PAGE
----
Cyclo-therapy: How much have you thought about your posture and set-up? Getting it wrong can cause injury
Saturday 27 June 2009
It's over a year since I drove past a little bike shop in Sussex and popped in for some socks. About an hour later I had the socks. And a new pair of shoes. Oh, and a gleaming new roadbike worth £2,000. I've cherished my Trek Madone, with its blue carbon frame and wispy wheels, but last week I was reminded of the perils of the impulse buy – my companion over hundreds of miles is completely wrong for me.
That was the verdict of Phil Cavell at Cyclefit, a London bike shop dedicated to blurring the boundary between man and machine. How much have you thought about your posture and bike set-up? From the height of your seat to the length of your crank (bigger is not better), there's a lot that can be out of kilter. And getting it wrong can cause inefficiency and injury.
Phil's Covent Garden store is part-Savile Row atelier and part-Loughborough Uni sports lab. The science happens in the back room, where, after taking my inside leg, Phil watches me ride my Trek on a trainer. Turns out the frame's way too small, so my seat's very high, with a big drop to my bars. To reduce discomfort, I've shifted my saddle forwards but that's skewed my knee alignment.
Next I switch to the Sizecycle, an adjustable bike jig linked to a computer. Phil quickly determines the perfect set-up and, as he tinkers, my power readouts creep miraculously higher. The biggest spike comes when he tells me simply to stop slouching (to give my tight hamstrings more freedom). To help even more, Phil moulds hi-tech footbeds for my shoes, whose position on my pedals he also fine-tunes.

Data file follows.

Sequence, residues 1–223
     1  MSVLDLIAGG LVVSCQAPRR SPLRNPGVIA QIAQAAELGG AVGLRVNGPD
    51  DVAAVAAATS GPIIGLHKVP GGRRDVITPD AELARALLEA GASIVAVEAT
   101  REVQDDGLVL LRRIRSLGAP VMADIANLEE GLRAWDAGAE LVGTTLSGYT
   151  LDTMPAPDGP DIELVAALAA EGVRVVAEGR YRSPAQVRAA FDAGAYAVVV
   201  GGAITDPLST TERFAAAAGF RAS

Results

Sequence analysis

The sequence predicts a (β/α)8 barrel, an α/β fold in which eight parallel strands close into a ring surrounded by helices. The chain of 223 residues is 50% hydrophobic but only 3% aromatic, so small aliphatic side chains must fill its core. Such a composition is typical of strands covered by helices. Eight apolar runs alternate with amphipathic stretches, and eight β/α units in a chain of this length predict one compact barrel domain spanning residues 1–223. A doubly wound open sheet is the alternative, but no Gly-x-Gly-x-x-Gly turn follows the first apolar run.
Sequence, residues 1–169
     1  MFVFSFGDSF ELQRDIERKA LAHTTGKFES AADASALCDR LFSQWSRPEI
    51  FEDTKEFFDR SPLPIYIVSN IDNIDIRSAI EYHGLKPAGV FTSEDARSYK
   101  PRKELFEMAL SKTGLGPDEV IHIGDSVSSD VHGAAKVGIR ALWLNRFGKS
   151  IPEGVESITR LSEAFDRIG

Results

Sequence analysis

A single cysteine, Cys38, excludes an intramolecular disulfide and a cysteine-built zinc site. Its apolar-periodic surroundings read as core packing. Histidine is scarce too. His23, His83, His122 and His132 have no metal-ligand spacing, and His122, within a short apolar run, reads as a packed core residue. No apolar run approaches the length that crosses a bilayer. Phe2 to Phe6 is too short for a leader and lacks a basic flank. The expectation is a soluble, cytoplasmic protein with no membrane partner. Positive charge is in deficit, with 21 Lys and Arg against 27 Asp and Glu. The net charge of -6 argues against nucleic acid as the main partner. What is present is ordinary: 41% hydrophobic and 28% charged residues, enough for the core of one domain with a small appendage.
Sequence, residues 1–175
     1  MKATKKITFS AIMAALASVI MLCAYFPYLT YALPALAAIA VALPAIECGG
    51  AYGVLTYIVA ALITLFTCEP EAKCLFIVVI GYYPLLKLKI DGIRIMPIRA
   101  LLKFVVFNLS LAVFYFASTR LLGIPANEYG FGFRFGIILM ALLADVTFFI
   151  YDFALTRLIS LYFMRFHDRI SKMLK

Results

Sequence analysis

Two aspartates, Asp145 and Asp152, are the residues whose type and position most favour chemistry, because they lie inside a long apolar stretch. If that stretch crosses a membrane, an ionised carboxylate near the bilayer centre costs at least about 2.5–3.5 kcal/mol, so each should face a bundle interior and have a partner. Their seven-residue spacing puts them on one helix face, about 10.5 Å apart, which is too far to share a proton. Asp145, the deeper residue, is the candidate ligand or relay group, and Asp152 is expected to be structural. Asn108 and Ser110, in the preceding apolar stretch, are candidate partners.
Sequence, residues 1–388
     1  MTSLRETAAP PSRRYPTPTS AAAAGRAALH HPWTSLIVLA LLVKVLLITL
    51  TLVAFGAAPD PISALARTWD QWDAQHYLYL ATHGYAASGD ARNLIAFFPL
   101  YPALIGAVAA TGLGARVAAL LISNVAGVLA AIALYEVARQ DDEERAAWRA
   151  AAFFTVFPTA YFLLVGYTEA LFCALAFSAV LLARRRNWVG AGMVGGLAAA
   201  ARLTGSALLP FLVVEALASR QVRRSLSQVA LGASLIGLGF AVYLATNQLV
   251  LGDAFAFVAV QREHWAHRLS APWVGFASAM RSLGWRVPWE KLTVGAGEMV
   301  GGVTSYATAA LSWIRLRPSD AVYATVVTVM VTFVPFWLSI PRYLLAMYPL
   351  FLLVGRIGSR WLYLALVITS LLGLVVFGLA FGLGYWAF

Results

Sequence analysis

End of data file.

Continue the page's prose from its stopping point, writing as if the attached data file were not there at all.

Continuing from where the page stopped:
It's as hi-tech as it sounds and isn't cheap, but Cyclefit's service is an investment worth considering if you're serious about cycling (those footbeds are a revelation). For general tips on posture and bike set-up, whether you're a weekend warrior or occasional commuter, visit our cycling blog.
Meanwhile, I have a choice – order a custom frame (upwards of £2,000), or tweak my bike so it's as close as possible. I opt for the latter, which improves things, but there's only so much Phil can do with my ill-fitting frame. I leave dreaming of a bespoke bike – I've heard riding one gives the sensation that the machine is an extension of the body. But this time I'll think before reaching for my wallet.
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